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Asia markets were subdued as investors wait for concrete developments in US-China trade talks

Key Points
  • Stocks in China closed mixed despite the country's trade data for January coming in stronger than expected.
  • The South China Morning Post reported Wednesday that China's Xi will meet with U.S. Treasury Secretary Steven Mnuchin and U.S. Trade Representative Robert Lighthizer on Friday.
  • China and the U.S. are trying to strike a deal before March 2. Otherwise, additional U.S. tariffs on Chinese goods could take effect.

High-level trade talks between the U.S. and China are underway in Beijing. Stocks in Asia were mixed on Thursday as investors looked for progress in the months-long tariff dispute.

There were reports that U.S. President Donald Trump may be considering whether to extend the deadline for a trade deal with China.

The mainland Chinese markets closed mostly higher. The Shenzhen component rose 0.597 percent to close at around 8,219.96 while the Shenzhen composite advanced 0.659 percent to finish its trading day at approximately 1,398.84. Meanwhile, the Shanghai composite closed slightly lower at about 2,719.70

Hong Kong's Hang Seng index fell more than 0.3 percent, as of its final hour of trading.

China trade numbers

The moves came on the back of Chinese trade data for January coming in stronger than expected.

Dollar-denominated exports for the month rose 9.1 percent from a year ago, according to Chinese customs data. January exports in the world's second-largest economy were expected to have contracted 3.2 percent from a year earlier, according to economists in a Reuters poll, compared with December's 4.4 percent decline.

January dollar-denominated imports fell 1.5 percent on-year, which was far better than expected. Imports in December fell 7.6 percent from a year ago.

"The variable timing of the Lunar New Year likely helped lift export growth, rather than reflecting any significant change in global demand. Looking at the regional picture, growth in South Korean exports fell over the same period, while Taiwan's exports likely contracted as well based on its January PMI readings," Nick Marro, analyst at The Economist Intelligence Unit, said in a note following the release of the Chinese trade data.

"This suggests that demand headwinds, both in the global consumer electronics industry and more generally, are continuing to bite into growth — meaning that downwards pressure on growth in Chinese shipments will likely return sooner rather than later, regardless of what happens with the trade negotiations this week," Marro said.

Japan GDP

Elsewhere in Asia, Japan's Nikkei 225 and Topix both closed largely unchanged at 21,139.71 and 1,589.81, respectively. Shares of Fast Retailing, the company behind the Uniqlo chain of apparel stores, rose 0.43 percent on the day.

That came after government data showed Japan's gross domestic product grew at an annualized rate of 1.4 percent in the October to December period last year.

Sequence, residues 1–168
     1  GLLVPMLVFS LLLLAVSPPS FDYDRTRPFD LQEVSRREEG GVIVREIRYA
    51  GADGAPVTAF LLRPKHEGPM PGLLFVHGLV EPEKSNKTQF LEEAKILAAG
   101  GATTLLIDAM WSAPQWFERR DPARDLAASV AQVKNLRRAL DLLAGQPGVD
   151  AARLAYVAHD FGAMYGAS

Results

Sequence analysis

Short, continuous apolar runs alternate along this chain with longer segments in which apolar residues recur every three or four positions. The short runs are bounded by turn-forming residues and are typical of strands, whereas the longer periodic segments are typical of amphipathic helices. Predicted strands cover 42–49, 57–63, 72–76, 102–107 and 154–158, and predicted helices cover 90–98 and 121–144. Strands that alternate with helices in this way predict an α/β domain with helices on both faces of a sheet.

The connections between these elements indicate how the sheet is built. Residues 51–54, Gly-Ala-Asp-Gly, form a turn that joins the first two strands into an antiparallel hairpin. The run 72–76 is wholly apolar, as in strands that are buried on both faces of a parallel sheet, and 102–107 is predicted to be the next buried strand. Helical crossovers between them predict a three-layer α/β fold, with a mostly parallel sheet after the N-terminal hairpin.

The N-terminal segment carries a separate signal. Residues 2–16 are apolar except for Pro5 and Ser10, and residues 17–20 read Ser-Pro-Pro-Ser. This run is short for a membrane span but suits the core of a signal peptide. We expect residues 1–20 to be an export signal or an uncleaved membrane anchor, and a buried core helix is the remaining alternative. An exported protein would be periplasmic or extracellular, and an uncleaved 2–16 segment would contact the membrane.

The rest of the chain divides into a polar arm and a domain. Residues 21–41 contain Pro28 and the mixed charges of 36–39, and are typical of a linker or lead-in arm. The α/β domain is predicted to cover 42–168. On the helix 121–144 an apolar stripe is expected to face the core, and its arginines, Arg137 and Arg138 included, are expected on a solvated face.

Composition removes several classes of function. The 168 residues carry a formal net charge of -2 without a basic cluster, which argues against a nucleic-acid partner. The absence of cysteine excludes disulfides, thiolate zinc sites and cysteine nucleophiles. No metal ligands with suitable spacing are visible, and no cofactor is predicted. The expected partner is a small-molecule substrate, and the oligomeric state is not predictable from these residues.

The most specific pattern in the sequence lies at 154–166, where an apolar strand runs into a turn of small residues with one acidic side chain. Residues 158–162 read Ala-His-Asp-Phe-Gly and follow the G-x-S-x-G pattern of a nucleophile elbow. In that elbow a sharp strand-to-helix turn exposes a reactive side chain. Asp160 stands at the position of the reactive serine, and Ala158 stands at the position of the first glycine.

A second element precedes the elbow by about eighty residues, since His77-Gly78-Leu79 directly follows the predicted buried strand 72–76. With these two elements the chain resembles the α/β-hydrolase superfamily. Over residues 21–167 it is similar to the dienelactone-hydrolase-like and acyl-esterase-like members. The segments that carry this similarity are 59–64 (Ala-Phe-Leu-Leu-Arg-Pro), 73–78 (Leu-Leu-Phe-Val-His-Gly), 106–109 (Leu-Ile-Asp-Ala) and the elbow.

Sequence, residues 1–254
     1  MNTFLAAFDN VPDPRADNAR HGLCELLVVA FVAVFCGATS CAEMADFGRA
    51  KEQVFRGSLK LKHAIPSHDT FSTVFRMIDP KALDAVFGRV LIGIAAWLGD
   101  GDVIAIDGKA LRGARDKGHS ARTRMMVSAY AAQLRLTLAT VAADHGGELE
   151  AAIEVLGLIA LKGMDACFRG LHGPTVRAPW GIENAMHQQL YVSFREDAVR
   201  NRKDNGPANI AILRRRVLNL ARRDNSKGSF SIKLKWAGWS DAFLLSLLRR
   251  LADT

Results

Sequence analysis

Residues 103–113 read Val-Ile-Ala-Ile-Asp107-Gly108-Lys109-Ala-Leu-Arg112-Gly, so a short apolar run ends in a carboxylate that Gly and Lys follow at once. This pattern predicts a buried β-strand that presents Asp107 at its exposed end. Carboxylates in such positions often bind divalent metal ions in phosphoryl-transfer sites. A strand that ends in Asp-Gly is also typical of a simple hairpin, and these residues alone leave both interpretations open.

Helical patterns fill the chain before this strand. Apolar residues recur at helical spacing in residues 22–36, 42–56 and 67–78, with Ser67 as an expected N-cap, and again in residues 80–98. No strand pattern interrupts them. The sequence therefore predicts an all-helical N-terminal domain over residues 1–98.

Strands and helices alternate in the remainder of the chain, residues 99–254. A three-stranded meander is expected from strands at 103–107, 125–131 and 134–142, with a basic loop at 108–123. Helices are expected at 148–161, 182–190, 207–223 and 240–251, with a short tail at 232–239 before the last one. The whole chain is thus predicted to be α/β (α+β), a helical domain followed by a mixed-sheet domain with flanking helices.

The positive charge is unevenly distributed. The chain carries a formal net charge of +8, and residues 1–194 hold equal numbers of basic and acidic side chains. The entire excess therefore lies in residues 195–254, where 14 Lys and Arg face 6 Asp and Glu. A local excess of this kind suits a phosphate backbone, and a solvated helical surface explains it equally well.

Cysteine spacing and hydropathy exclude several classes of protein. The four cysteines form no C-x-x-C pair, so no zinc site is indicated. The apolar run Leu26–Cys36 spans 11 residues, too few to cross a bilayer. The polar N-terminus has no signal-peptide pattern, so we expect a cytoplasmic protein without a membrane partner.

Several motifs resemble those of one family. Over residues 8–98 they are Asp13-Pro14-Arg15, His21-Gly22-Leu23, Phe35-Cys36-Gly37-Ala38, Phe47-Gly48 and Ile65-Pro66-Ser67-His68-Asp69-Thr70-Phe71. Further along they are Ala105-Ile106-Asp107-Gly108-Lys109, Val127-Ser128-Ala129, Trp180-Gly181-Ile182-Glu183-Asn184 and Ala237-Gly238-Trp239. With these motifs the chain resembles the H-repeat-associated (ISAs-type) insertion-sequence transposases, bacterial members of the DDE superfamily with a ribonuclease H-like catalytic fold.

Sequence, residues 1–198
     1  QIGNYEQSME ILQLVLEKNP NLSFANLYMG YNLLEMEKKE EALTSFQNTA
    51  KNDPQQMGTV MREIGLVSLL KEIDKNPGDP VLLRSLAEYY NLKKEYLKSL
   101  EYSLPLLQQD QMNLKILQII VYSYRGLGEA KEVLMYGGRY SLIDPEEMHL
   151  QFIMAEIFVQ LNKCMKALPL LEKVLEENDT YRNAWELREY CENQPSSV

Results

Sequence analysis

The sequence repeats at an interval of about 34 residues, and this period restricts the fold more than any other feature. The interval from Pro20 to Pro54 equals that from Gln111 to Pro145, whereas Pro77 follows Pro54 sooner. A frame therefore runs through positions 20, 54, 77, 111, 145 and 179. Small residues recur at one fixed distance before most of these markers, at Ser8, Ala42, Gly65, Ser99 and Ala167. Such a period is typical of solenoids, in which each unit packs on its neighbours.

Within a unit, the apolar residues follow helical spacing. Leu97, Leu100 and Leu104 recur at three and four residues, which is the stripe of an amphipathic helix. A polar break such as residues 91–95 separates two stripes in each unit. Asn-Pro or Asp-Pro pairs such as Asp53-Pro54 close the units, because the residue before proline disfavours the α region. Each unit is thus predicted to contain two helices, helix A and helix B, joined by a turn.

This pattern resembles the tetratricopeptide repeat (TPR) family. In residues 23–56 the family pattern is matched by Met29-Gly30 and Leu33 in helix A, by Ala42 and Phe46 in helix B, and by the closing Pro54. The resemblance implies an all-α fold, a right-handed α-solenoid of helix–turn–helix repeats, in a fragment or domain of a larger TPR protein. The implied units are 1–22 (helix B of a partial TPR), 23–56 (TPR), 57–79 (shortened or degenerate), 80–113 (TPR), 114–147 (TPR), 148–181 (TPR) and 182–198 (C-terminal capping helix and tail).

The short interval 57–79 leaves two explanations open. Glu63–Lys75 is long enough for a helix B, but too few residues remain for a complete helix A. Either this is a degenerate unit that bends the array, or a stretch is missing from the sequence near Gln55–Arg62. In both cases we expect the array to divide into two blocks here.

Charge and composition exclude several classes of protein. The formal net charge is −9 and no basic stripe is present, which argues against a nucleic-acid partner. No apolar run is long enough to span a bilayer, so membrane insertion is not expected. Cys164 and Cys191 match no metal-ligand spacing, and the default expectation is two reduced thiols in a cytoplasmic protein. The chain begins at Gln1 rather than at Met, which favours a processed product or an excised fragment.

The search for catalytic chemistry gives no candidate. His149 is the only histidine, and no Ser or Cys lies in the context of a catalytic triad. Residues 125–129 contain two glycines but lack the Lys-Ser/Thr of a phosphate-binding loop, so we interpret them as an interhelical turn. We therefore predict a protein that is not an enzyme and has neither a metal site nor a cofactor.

The preliminary reading for fourth quarter gross domestic product was in line with expectations from economists polled by Reuters. It came on the back of a downward revision to 2.6 percent annualized contraction in the third quarter.

Australia's ASX 200 slipped fractionally to close at 6,059.40 as the heavily-weighted financial subindex shed 0.8 percent. Shares of the country's so-called Big Four banks declined: Australia and New Zealand Banking Group slipped 0.34 percent, National Australia Bank shed 0.66 percent, Westpac fell 0.72 percent while Commonwealth Bank of Australia declined 0.87 percent.

South Korea's Kospi, on the other hand, jumped 1.11 percent to close at 2,225.85.

Asia-Pacific Market Indexes Chart

Tariff talks

Overnight, U.S. stocks rose on hopes of a possible U.S.-China trade deal.

The South China Morning Post reported Wednesday that China's Xi will meet with U.S. Treasury Secretary Steven Mnuchin and U.S. Trade Representative Robert Lighthizer on Friday.

The report, which cites sources close to the matter, said Xi "is scheduled to meet" with key members of the U.S. trade delegation that's in Beijing, including Lighthizer and Mnuchin. Chinese Vice Premier Liu He is also expected to attend a banquet for the U.S. delegation this week, according to the newspaper.

"There is reason to believe that the two sides are engaged in very serious discussion and hopefully, by the end of that ... there will be a kind of deal," Victor Gao, vice president at Center for China and Globalization, told CNBC's "Squawk Box" Thursday.

"This will avert further aggravation of tensions between China and the United States and, hopefully, it will help (in) putting the trade war behind us," Gao said.

China and the U.S. are trying to strike a deal before March 2. Otherwise, additional U.S. tariffs on Chinese goods could take effect. The two economic powerhouses have been locked in an ongoing trade fight that has rocked global financial markets since 2018.

Currencies

The U.S. dollar index, which tracks the greenback against a basket of its peers, was at 97.032 after seeing an earlier high of 97.176.

The Japanese yen traded at 111.04 against the dollar after touching an earlier high of 110.85. The Australian dollar was at $0.7128 after seeing a low of around $0.7082 earlier.

Oil prices rose in the afternoon of Asian trade. The international benchmark Brent crude futures rose 0.99 percent to $64.24 per barrel. The U.S. crude futures contracts also gained 0.87 percent to $54.37 per barrel.

— Reuters, along with CNBC's Fred Imbert and Huileng Tan, contributed to this report.

Correction: This story was updated to reflect that the Australian dollar was trading around $0.7128 on Thursday.